Fusion energy Breakthrough

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    • Recently, Scientists in the United States have achieved a net gain in energy for the first time from a nuclear fusion reaction which is considered as the most dependable source of energy in future.
      • The experiment was conducted at the Lawrence Livermore National Laboratory in California. 

    More about the news

    • Different Methods: 
      • Scientists use high-energy laser beams to achieve these temperatures which is also called inertial fusion
      • At the international collaborative project in southern France called ITER in which India is a partner used very strong magnetic fields for the same purpose which is the second method of producing this energy. 
        • The ITER project is expected to demonstrate the viability of a commercially scalable nuclear fusion reactor between 2035 and 2040.
      • Some countries are trying laser-based inertial fusion as well.
    • It is relatively easier to attain break-even energy levels through inertial fusion compared to magnetic fusion.

    What is fusion technology?

    • Meaning: It is a powerful way of harnessing the immense energy trapped in the nucleus of an atom.
    • Background: Attempts to master the fusion process have been going on at least since the 1950s, but it is incredibly difficult and is still at an experimental stage.
    • Difference in both the processes:

    • Fission Process: The nuclear energy currently in use across the world comes from the fission process in which the nucleus of a heavier element is split into those of lighter elements in a controlled manner. 
    • Fusion Process: Here, the nuclei of two lighter elements are made to fuse together to form the nucleus of a heavier atom.
      • The fusion of two nuclei of a heavier isotope of hydrogen, called tritium produces at least four times as much energy as the fission of a uranium atom which is the normal process of generating electricity in a nuclear reactor. 
      • Fusion is also a carbon-free source of energy and has negligible radiation risks.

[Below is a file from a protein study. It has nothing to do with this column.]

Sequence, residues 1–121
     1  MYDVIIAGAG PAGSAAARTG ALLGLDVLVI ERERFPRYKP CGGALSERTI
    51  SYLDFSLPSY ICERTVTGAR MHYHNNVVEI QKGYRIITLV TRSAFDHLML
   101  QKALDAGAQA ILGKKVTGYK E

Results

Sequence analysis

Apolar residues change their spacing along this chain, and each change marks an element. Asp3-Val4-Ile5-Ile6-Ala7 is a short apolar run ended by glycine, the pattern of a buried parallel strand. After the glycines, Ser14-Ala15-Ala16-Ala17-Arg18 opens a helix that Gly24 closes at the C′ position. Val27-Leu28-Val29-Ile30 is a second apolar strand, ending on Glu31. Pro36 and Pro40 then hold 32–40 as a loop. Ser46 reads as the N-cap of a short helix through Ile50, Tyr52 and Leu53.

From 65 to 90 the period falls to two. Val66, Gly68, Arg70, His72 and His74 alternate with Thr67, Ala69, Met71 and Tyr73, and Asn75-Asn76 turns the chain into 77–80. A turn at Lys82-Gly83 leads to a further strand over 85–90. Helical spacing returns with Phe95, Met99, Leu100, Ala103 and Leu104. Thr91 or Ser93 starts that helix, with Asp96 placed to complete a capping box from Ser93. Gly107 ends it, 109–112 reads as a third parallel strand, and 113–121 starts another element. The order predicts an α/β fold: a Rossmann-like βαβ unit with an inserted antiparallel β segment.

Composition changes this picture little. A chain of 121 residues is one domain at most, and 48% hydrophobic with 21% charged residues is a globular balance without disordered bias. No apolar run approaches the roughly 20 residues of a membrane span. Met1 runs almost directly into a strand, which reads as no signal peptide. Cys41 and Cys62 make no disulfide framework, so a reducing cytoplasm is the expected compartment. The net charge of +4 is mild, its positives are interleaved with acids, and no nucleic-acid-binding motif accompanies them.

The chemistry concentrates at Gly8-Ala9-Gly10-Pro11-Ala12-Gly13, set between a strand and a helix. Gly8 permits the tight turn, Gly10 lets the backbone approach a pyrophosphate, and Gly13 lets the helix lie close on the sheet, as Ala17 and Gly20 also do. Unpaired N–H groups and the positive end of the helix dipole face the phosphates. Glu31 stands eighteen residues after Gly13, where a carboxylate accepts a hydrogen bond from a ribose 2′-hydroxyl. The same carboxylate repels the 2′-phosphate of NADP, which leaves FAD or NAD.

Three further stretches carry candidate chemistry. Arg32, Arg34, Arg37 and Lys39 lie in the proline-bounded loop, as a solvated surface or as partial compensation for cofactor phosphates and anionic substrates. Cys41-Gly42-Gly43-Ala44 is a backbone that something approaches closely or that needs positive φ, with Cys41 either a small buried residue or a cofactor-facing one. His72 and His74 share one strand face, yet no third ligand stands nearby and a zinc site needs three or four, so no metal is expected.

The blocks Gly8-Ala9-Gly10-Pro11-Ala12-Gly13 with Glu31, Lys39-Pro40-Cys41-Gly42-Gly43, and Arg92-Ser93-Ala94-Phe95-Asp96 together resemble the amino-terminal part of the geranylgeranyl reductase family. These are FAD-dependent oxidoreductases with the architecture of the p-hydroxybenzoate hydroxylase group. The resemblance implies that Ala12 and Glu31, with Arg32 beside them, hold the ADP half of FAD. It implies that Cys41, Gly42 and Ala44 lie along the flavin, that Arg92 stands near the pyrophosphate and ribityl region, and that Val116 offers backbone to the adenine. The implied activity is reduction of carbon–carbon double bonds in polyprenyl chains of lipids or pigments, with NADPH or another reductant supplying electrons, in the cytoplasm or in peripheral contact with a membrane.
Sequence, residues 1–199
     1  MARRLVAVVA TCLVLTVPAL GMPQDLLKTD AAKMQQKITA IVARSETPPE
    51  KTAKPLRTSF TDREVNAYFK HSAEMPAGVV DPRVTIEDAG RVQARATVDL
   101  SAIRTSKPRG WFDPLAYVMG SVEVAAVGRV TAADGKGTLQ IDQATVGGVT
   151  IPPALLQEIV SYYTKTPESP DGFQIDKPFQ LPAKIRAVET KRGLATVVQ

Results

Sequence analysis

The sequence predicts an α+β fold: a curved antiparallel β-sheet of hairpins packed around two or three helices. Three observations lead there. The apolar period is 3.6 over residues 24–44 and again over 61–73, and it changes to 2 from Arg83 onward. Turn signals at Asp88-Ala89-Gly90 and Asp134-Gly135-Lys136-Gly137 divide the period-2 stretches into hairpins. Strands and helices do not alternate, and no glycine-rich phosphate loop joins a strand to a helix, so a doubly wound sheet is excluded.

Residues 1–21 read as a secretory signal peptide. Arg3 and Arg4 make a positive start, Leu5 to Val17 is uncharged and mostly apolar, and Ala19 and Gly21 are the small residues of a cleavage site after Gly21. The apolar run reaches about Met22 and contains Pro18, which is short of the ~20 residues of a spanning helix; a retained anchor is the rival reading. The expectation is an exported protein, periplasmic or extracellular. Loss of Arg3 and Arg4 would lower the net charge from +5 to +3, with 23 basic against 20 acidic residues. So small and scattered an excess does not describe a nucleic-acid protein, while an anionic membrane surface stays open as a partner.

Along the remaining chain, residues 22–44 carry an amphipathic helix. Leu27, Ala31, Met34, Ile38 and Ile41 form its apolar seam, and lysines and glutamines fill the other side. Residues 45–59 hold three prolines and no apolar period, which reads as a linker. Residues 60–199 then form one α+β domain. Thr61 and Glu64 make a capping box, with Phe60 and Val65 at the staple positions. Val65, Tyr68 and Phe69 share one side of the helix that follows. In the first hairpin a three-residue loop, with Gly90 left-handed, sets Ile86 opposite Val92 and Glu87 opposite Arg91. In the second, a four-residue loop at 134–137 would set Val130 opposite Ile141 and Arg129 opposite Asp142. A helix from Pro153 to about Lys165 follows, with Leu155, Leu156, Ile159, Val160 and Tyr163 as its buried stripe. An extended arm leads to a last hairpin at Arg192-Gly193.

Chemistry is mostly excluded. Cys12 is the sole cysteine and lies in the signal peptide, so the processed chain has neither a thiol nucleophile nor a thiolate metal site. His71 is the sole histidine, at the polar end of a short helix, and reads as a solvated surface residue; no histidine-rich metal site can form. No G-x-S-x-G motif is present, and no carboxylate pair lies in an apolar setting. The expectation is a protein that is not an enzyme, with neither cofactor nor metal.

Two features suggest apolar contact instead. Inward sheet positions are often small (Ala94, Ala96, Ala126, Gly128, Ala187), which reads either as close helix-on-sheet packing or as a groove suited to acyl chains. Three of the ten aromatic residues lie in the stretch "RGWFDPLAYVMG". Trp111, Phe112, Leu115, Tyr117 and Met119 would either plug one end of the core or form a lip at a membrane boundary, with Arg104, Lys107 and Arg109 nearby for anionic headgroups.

• A large amount of energy is released in both these processes, but the energy is more in fusion than fission.

    Major Challenge

    • Requirement of huge energy: Fusion reactions happen only at very high temperatures which is 10 times the temperature that exists at the core of the Sun and creating such an extreme environment in a laboratory requires huge amounts of energy.
    • Lower energy in these experiments: The energy released in such experimental fusion reactions have been lower than what is consumed to create the enabling high temperatures.
    • Future potential: Use of the fusion process for generating electricity at a commercial scale is still two to three decades away.
    • Shorter time for the experiment: The fusion reactions currently being run in labs last for barely a few seconds. Those based on laser beams run for even shorter times. It is difficult to sustain such extreme high temperatures for prolonged periods. 

    Way forward

    • Obtaining net energy gain is a very important step but we are still far away from reactor grade fusion reactions.
    • Several countries like: China, Japan, UK and South Korea, are working on this technology separately as well, apart from collaborating at ITER. 
    • Recently, UK-based JET laboratory: which uses magnetic fusion, has improved its own previous record for energy produced from a fusion reaction. 

    ITER (International Thermonuclear Experimental Reactor)

    • It is an international nuclear fusion research and engineering megaproject aimed at creating energy by replicating on Earth the fusion processes of the Sun. 
    • When operational it would become the biggest machine anywhere in the world which would be more complex than the Large Hadron Collider at CERN or the LIGO project to detect gravitational waves.
    • Currently, the ITER reactor is in the machine assembly phase.
    • India joined the ITER project in 2005. The Institute for Plasma Research in Ahmedabad, a laboratory under the Department of Atomic Energy, is the lead institution from the Indian side participating in the project.

    Source: IE